He warned that if the decline of species, both plant and animal, was not halted within the next 25 years, one fifth of life on earth would disappear forever. 

For the Carles there seemed no choice. They felt they must do something to help stem the tide.

But what could they do? Stand in front of a bulldozer in Bolivia? The would simply be run over and the destruction would continue. They realised that there was one answer to the challenge, not in the rainforest of South America, but on their own doorstep.

“We thought at that time that maybe we could turn our garden into a facility where people could come and learn how important plants really are right now,” says Alan.

“The next step was to come up with a way of getting the message across so that people would understand the urgency of the problem.

“There are so many interconnections in nature. If you start breaking these interconnections, when have you broken the critical one, the one that causes the whole system fail? No one knows.”

But that was the big picture, a picture the Carles realised that most people didn’t see. People weren’t conscious of the changes because they were so gradual. The Carles had to approach the problem from another angle.

“We thought, ‘OK, hit ‘em where it hurts’. Tell people about the economic loss to them as individuals. We decided to design our garden around what we called the economic rainforest plants. It’s a science called ethno-botany,” says Alan.

Ethno-botany – the study of how people of a particular region and culture use the plants around them – has attracted considerable interest since the beginning  of the ‘90s. It focuses not only on plants, which produce food and medicine, but also those that are used for shelter, clothing, fibres, dyes, cosmetics, resins and waxes.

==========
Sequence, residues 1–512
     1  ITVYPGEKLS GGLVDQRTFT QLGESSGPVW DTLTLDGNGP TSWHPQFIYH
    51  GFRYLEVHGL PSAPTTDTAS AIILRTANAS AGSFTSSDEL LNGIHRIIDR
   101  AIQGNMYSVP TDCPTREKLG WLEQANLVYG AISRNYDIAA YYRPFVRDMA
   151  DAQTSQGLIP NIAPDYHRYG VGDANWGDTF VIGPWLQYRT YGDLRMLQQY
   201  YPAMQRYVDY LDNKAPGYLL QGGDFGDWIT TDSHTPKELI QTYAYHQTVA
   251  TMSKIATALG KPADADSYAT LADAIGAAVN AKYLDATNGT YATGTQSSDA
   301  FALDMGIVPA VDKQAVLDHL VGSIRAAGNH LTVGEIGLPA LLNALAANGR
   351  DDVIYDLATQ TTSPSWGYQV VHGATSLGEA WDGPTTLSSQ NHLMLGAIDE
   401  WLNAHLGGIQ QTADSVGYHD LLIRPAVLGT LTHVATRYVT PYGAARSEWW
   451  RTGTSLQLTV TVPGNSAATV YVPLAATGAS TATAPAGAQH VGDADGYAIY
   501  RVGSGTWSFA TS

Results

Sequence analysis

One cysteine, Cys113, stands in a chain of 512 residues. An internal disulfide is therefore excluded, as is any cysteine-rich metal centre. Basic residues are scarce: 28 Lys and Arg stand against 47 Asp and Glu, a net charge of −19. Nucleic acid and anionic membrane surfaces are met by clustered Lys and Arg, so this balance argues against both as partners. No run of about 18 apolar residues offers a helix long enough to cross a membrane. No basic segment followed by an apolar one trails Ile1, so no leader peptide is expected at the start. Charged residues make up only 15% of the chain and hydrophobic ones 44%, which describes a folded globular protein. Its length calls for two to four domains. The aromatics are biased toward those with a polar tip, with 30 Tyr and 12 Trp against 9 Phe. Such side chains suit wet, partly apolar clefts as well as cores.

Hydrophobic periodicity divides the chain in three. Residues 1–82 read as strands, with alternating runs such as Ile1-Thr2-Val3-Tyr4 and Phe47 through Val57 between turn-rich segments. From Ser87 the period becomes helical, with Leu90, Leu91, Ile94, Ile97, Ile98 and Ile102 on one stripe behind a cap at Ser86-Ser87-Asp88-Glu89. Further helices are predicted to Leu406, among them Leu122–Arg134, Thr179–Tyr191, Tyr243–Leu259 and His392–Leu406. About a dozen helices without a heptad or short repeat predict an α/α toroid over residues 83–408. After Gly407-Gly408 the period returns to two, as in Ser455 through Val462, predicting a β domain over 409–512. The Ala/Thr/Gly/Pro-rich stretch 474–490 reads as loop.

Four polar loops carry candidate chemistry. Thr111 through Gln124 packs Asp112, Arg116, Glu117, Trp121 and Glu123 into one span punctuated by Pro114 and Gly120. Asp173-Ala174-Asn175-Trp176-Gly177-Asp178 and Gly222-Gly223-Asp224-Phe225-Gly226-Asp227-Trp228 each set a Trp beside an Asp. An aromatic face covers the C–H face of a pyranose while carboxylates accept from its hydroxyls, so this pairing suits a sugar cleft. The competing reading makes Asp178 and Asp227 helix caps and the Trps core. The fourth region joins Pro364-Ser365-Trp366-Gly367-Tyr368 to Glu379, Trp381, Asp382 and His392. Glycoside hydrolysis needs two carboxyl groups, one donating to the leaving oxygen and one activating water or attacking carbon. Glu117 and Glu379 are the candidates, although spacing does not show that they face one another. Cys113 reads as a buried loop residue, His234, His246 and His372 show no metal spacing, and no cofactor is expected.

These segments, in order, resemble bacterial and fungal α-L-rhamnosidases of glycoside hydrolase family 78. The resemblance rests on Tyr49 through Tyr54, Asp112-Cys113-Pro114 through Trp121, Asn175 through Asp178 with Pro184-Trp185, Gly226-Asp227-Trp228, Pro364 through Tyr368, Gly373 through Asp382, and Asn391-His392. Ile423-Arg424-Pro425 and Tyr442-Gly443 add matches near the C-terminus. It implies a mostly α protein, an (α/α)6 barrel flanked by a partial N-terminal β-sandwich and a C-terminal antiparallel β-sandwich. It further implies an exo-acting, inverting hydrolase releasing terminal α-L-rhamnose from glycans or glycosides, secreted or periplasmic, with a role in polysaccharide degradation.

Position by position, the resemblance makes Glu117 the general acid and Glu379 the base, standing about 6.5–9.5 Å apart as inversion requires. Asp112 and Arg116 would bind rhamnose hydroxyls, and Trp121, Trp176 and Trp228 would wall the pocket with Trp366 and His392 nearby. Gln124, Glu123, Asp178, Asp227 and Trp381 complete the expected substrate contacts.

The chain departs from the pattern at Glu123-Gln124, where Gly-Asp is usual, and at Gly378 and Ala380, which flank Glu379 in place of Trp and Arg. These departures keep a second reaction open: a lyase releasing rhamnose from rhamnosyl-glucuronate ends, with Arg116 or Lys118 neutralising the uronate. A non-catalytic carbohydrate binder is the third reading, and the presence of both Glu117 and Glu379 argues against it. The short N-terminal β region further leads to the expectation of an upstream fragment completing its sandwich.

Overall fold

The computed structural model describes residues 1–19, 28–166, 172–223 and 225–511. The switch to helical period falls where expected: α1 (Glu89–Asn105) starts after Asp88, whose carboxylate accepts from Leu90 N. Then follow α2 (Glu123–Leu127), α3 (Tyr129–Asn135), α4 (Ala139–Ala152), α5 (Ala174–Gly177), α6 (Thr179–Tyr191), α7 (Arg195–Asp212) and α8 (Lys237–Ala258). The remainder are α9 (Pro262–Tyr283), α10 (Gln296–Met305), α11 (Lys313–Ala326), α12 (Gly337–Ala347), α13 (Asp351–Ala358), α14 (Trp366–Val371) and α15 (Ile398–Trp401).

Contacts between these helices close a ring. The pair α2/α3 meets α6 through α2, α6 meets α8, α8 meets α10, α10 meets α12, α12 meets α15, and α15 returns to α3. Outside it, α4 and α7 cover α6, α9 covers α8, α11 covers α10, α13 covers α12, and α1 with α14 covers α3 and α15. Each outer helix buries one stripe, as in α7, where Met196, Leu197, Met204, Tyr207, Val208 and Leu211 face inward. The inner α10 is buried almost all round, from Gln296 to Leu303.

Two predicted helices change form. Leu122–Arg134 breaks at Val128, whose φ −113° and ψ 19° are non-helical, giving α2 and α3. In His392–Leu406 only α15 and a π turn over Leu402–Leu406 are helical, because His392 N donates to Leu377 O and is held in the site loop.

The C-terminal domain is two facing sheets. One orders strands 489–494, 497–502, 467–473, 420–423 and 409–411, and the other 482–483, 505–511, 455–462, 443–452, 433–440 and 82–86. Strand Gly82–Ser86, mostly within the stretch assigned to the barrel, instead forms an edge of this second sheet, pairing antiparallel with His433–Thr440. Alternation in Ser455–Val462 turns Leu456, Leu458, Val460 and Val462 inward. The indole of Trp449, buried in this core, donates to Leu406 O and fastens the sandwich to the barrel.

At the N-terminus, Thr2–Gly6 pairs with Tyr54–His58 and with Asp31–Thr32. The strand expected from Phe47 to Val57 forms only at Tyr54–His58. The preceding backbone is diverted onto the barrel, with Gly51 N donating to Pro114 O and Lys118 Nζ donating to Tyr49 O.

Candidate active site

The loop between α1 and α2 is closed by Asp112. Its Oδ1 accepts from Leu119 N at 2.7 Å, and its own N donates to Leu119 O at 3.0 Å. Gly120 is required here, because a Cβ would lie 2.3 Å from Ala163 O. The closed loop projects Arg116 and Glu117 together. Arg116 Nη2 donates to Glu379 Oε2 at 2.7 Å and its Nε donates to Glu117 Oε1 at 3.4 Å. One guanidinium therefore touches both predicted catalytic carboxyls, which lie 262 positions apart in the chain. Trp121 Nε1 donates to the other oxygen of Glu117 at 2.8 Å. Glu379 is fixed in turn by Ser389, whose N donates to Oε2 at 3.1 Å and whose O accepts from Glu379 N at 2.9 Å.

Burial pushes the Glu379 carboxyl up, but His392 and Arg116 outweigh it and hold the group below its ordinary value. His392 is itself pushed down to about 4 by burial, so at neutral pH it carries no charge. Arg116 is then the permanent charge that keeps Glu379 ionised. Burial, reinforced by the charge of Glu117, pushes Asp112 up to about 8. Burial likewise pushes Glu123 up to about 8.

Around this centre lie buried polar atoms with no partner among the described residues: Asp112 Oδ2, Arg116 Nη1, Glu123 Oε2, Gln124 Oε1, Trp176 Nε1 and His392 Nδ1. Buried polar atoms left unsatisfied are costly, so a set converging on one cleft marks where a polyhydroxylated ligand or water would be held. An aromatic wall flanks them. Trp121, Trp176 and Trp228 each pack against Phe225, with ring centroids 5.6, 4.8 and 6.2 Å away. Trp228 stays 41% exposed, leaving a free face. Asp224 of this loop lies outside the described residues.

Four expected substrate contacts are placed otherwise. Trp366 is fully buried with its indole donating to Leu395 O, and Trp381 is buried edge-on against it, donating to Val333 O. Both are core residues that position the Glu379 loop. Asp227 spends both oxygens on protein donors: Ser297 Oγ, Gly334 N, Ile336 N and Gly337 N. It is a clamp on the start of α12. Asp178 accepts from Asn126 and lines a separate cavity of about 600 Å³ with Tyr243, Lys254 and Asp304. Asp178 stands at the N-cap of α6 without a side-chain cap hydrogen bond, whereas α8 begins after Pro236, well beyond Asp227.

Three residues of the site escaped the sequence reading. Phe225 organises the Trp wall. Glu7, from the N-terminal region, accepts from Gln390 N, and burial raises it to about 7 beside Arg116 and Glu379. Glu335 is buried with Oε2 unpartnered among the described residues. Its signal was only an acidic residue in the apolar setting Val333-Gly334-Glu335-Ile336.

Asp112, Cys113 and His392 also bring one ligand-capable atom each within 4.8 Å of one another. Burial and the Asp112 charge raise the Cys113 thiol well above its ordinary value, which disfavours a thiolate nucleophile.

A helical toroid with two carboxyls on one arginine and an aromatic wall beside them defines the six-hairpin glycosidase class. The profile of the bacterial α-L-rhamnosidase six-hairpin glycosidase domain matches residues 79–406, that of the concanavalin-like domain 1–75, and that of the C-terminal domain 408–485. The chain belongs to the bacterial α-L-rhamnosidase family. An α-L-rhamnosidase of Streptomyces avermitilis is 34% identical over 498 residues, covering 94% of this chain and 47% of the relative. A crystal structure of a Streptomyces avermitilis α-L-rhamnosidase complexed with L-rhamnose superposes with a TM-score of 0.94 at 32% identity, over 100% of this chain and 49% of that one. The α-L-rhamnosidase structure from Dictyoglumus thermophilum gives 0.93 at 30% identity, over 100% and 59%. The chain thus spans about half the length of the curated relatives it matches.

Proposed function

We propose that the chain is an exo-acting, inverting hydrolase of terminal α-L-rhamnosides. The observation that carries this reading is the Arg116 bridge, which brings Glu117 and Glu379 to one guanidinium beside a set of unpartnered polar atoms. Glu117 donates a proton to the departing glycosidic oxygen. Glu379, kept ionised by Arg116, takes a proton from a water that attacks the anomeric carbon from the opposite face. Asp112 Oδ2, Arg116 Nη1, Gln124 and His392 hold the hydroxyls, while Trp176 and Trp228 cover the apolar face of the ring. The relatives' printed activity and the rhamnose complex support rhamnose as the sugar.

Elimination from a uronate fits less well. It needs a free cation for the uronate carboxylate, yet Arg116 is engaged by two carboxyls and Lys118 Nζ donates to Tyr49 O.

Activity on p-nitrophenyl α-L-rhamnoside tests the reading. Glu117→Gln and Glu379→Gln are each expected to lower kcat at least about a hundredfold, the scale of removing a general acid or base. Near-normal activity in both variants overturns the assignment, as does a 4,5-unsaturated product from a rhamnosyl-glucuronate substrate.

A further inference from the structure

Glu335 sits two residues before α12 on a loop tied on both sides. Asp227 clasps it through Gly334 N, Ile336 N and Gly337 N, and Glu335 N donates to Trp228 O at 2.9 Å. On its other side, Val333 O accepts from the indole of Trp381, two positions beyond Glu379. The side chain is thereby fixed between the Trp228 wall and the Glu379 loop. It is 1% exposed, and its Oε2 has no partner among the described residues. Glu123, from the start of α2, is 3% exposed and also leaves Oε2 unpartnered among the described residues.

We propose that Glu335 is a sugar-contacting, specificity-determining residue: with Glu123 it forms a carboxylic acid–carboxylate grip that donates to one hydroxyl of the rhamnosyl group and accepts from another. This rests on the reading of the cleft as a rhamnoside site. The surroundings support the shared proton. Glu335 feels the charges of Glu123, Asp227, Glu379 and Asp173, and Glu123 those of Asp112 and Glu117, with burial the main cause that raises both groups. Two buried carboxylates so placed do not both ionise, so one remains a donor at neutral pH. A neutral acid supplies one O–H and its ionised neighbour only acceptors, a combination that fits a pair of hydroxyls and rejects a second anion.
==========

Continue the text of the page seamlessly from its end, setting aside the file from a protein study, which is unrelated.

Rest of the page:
The pharmaceutical industry in particular is now concentrating more and more on plants as a resource.

As they continued to develop their garden, the Carles learned more about the uses of plants from around the world. 

“We’ve studied what the local people do,” says Alan. “The pygmies in the Congo, the Penans and the Dyaks in Borneo, the Indians from the Amazon and so on. We’ve shared information and plants with them. We’ve brought some of those back to Australia and we use them as a resource to teach people how important rainforests are to them, important economically.

“Hopefully, they’ll think about it and realise that rainforests really are worth saving.”

Because the Botanical Ark is essentially a scientific project it isn’t designed to handle a mass influx of tourists. So it’s hardly surprising that the garden is not open to the pubic en masse.

But that’s part of Alan’s strategy. “We try to target people who have contacts and can pass on their impressions to others. We’re after the people attending incentive conventions and conferences, the sort of people who come to Far North Queensland because they are industry leaders or outstanding, influential members of their communities.

Visiting groups see the garden and the abundance of species preserved there, and they receive the rainforest conservation message over a meal that incorporates the flavours and fruits of the garden.

“Gradually,” Alan says, “We’re reaching more and more people and we keep in touch through our website, through a mailing list and newsletters.”

As well, the Botanical Ark is part of a worldwide organisation called Botanic Gardens Conservation International, which has its headquarters at the famous Kew Gardens in London. Through that association, the Carles share their knowledge and their plant resources with other gardens around the world.

And those who have the opportunity to visit the Botanical Ark and share an exotic meal with Alan and Susan Carle, will receive a miracle fruit.

It’s a small red berry from Nigeria. When chewed, it has an extraordinary effect on the taste buds, so that everything acid and sour suddenly tastes deliciously sweet.

 Of course, it doesn’t last forever, which perhaps sums up the message of the Botanical Ark: while most of the world enjoys the illusion of a sweet life for the moment, unless its treatment of the rainforest changes dramatically, the future could become very sour indeed.